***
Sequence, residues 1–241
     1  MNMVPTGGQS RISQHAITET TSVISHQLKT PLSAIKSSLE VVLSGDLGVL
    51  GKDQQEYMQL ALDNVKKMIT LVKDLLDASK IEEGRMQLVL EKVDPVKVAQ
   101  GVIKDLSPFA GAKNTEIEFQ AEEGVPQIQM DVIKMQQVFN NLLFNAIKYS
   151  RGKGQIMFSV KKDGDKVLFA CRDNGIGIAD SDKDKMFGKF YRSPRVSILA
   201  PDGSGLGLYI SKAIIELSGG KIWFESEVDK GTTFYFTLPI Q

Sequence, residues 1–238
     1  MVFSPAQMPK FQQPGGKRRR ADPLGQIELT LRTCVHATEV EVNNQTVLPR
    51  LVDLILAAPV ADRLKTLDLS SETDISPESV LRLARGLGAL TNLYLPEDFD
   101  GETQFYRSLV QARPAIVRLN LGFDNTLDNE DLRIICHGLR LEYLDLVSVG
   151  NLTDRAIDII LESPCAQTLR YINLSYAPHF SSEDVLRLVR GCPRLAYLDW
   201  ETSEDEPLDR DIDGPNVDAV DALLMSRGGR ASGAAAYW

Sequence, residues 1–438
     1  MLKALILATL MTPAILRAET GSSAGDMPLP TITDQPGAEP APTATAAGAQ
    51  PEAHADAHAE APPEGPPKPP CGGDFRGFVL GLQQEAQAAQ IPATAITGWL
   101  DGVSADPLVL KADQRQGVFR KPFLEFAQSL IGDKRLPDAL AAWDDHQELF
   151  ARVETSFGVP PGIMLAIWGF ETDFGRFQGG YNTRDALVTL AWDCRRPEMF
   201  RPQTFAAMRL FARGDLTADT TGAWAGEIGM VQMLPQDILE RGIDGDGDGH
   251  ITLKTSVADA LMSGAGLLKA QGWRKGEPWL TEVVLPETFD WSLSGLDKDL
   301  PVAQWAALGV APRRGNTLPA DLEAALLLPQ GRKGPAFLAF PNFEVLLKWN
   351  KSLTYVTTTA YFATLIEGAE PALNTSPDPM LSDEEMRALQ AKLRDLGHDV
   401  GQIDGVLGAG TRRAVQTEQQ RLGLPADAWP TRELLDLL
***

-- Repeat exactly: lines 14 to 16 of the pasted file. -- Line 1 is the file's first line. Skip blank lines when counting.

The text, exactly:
     1  MLKALILATL MTPAILRAET GSSAGDMPLP TITDQPGAEP APTATAAGAQ
    51  PEAHADAHAE APPEGPPKPP CGGDFRGFVL GLQQEAQAAQ IPATAITGWL
   101  DGVSADPLVL KADQRQGVFR KPFLEFAQSL IGDKRLPDAL AAWDDHQELF